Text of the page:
A Happy Return to the Tunes of the Renaissance

Two double albums by the Cut Circle ensemble, which specializes in vocal music from the Renaissance, are cause for celebration for lovers of early music

Cut Circle.
Jamie Reuland

Founded in 2003, the Cut Circle ensemble specializes in performing vocal music from the Renaissance. In the past few years, the group, under the baton of its musical director Jesse Rodin, has released two double albums that offer a generous taste of the period and the musical processes that marked it. More important, the CDs offer almost five hours of enthralling music, remote and mysterious, spectacularly rendered, flowing and pellucid.

The first album, from 2012, “Music at the Sistine Chapel Around 1490,” focuses on two composers, Marbianus de Orto and Josquin Desprez. I have to confess that I wasn’t familiar with de Orto; but Desprez was one of the leading and best-known composers of the era. Both were part of a group of talented musicians from the court of Pope Sixtus IV. The pontiff for whom the Sistine Chapel is named, he also laid the foundations for the strong musical center that existed in the Vatican. The band of composers surrounding him blended Italian, Flemish, French and German styles, and Desprez’s role in that process was central. He is known in the history of music as a composer who fused the polyphonic style of the low countries, songs from Italy and traditions of secular music into an international musical style.

In an in-depth review of the period, Rodin, who is also a researcher of music, seeks to trace the roots of de Orto and more particularly of Desprez, an important composer about whom little is known. The gist of the album, though, is not the academic discussion but the beautiful voices and the way they intertwine to underscore and illuminate the multivocal layers in the masses, hymns and motets composed by Desprez and de Orto – two and a half hours of music as delicate as it is riveting. For lovers of early music, this is a celebration. Even those who aren’t familiar with music of the period might well surrender to the gorgeous vocal harmonies; for them, it might be preferable to listen to short passages, so that each track will register distinctively and the sequence will not become monotonic.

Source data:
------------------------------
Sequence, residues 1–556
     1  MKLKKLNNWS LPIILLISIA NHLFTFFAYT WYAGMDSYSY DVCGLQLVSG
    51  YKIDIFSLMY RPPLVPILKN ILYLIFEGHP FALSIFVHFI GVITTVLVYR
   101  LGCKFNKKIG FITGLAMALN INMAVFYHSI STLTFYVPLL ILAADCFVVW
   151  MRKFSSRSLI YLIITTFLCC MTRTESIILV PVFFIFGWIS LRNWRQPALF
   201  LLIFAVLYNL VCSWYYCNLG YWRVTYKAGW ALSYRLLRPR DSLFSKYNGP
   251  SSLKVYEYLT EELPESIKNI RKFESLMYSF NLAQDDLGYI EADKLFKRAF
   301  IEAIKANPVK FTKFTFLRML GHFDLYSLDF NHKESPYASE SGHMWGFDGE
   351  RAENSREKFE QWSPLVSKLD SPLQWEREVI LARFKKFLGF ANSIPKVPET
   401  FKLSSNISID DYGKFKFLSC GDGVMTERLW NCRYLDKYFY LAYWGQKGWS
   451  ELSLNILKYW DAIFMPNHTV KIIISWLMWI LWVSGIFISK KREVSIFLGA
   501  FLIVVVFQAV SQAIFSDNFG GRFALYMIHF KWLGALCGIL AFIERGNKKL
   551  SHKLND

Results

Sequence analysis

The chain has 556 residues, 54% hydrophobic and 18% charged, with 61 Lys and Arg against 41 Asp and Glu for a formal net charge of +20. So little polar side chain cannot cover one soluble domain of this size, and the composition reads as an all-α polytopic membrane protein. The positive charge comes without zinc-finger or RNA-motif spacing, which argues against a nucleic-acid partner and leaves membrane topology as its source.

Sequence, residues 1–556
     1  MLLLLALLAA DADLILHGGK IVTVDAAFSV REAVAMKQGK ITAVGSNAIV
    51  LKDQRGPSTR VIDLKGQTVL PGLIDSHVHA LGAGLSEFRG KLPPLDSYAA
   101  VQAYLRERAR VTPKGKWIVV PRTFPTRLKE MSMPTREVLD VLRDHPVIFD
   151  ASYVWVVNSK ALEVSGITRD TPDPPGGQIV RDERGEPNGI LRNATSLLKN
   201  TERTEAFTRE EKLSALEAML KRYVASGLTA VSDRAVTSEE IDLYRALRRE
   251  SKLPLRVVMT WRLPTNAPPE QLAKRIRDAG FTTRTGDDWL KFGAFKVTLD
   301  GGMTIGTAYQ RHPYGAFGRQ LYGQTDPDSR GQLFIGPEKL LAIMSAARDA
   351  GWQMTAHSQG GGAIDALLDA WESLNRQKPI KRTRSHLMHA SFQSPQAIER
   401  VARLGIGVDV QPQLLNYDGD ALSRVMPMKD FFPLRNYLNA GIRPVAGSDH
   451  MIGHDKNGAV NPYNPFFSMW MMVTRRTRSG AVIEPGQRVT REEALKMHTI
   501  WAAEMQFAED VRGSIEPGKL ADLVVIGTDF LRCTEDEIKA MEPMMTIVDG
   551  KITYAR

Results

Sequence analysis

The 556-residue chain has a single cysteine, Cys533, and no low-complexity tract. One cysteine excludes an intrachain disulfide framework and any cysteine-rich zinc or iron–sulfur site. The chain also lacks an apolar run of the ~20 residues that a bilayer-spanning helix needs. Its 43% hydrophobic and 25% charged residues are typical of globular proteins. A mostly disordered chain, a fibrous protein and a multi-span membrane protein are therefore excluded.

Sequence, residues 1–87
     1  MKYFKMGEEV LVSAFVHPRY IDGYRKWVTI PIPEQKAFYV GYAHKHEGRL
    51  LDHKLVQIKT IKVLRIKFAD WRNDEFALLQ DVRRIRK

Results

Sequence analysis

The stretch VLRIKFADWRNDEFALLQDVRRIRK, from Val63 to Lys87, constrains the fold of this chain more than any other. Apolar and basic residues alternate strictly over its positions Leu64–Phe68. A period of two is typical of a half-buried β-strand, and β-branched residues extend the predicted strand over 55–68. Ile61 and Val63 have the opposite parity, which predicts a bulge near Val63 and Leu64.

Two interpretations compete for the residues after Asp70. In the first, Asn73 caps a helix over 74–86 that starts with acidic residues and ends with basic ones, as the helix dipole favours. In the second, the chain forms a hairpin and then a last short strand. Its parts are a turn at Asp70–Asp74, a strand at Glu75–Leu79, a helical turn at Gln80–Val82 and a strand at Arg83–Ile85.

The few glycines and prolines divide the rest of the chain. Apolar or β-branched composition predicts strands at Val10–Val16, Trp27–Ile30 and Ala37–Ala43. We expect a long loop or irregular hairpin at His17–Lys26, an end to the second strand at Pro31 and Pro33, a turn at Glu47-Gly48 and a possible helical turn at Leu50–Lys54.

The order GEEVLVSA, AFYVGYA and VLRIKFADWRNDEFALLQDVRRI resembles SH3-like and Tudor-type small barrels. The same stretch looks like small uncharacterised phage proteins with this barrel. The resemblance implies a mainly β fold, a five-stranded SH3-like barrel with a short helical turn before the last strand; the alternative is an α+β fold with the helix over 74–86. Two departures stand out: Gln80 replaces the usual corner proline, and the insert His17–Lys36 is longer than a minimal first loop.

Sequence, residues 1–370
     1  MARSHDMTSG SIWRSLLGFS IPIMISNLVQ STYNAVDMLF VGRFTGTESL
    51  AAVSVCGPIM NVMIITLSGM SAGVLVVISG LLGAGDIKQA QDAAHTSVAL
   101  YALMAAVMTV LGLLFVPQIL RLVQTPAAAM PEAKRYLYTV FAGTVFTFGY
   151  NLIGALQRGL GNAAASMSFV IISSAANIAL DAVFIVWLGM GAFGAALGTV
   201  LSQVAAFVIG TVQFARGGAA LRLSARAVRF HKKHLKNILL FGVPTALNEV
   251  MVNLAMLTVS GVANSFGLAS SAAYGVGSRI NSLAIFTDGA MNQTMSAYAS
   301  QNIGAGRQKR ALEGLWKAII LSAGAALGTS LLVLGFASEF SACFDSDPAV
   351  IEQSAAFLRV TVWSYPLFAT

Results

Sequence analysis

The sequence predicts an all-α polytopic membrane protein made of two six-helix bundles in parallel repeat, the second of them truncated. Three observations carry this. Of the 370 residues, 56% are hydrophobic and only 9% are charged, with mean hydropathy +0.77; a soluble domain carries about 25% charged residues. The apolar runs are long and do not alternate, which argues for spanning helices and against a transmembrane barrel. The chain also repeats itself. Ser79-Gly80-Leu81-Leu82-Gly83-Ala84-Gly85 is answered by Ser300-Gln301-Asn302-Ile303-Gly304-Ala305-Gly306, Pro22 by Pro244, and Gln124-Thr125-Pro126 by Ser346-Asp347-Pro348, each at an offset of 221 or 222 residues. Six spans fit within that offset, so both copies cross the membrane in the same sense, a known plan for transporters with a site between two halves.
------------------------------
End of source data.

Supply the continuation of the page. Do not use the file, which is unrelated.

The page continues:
Enchanting melodies

Even more thrilling is Cut Circle’s 2015 album containing four masses by Guillaume Du Fay. Each mass takes its name from a song, one of whose themes serves as a musical basis for the mass. The album contains performances of the songs as well.

Du Fay was born near Brussels to a woman named Marie Du Fayt and an unknown priest. The single mother – not a convenient status to have around the turn of the 15th century – was taken in by another priest, a relative of Marie’s from the cathedral in Cambrai, in northern France. As a result, Guillaume received both a broad general education and a musical education. He continued his training in Italy, and toward the middle of the 15th century was already considered one of the most important composers in Europe. His works represent the finest of the polyphonic school of the low countries.

In addition to a rich, colorful, multivocal sound, Du Fay offers enchanting melodies and a sweeping flow. All these features come through in the performances by Cut Circle, conducted by Jesse Rodin, who opts for rapid tempi and maintains interest and alertness. At this speed, an effort on the part of the listener is needed in some movements to follow the details, hues and voices. At the same time, the ensemble’s rich vocal colors bring forth the polyphony, a mission in which they are aided by the clear, close, intimate sound produced by the engineers of the small Musique en Wallonie label.